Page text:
Personally, I have never seen this bird except depicted and written about in stories like “The Secret Garden”.  But whenever I paint a miniature of them, it is purchased very quickly, and usually by a homesick, transplanted member of a country ‘across the pond’.  It would be a treat to see them in their natural setting.

…. Tranquille Creek Gorge

January 21, 2016

The watercolour video demonstrations of David Dunlop are challenging and yet simple.  https://www.youtube.com/watch?v=Lgtg-Adql1Y&index=6&list=PLtEJwQmsB7SvVg8C4J2c4LDijerH7SSKF (I tried to embed the video itself in this post, but WordPress thought otherwise).  But here is the blurb describing it….”Emmy Award winning David Dunlop takes you to his Connecticut studio to demonstrate a two minute watercolor, used as preparation for an oil sketch or to explore ideas“.

Mr. Dunlop is an artist/teacher from Connecticut, whose manner when teaching is inspiring and animated.  He is a great follower of descriptive, energetic Masters like J.M.W. Turner and Winslow Homer, and seeks to employ their methods, while demonstrating their techniques.

The video cited above challenges painters to do two to three minute painting sketches, which convey the movement and mood and spirit of the subject, without stopping to think and rework.  In an effort to ‘do’ and not think, the subject chosen here is a favourite–a place about 20 minutes from our house–called Tranquille Creek Gorge.

 

 

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Mr. Dunlop’s videos are quite dynamic and aimed more at oil painters a bit more than watercolourists, but full of very encouraging lessons because of the force of his optimistic personality and sense of fun.  They are well worth watching, for those who enjoy painting as a means of expression.

 

….composition exercise 2

January 17, 2016

Continuing on with an attempt to test out the compositional dictum known as ‘the rule of thirds’, which was conceived and named by John Thomas Smith in 1797 :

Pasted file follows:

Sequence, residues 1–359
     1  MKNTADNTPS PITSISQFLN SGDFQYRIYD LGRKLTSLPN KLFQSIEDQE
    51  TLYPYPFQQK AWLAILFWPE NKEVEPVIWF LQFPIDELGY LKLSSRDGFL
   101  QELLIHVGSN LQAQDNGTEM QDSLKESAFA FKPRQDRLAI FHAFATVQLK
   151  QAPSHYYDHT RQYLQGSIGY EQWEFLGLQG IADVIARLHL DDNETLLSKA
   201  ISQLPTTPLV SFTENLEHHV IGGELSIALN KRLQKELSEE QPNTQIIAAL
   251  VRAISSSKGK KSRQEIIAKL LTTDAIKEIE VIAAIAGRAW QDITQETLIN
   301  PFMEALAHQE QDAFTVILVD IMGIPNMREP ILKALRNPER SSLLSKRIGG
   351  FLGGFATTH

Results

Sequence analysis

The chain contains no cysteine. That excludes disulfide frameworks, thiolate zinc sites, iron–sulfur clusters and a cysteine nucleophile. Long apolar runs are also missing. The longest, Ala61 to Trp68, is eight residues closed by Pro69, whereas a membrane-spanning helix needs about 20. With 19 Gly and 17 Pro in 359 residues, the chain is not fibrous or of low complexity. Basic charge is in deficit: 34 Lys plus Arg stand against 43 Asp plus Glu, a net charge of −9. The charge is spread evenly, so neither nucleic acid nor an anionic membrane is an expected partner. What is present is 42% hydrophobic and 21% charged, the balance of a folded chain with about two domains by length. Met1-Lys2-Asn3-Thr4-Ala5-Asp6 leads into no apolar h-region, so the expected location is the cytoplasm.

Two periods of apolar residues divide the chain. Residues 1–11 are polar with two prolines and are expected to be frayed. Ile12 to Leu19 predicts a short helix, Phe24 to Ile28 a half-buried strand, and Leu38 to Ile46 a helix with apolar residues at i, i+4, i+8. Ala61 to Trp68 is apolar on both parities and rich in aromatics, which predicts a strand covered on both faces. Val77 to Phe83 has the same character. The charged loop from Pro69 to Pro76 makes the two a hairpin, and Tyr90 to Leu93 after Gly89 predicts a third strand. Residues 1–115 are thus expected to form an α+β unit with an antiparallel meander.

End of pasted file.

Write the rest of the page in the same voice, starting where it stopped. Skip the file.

“. . .  Analogous to this “Rule of thirds”, (if I may be allowed so to call it) I have presumed to think that, in connecting or in breaking the various lines of a picture, it would likewise be a good rule to do it, in general, by a similar scheme of proportion; for example, in a design of landscape, to determine the sky at about two-thirds ; or else at about one-third, so that the material objects might occupy the other two : Again, two thirds of one element, (as of water) to one third of another element (as of land); and then both together to make but one third of the picture, of which the two other thirds should go for the sky and aerial perspectives. . . “

To illustrate its basics…..

ruke of thirds

Once again, this is the drawing I did initially, to put this into practice….

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And this is the first go at painting the scene….

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And now today, here is the progress so far, attempting to locate some visual interest at each of the four intersections within the piece, the barn being the first and the pine being the second and the creekbed being the third…..

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The darkest darks and greatest contrast will remain with the barn, for that is the intended focus for the picture, when completed.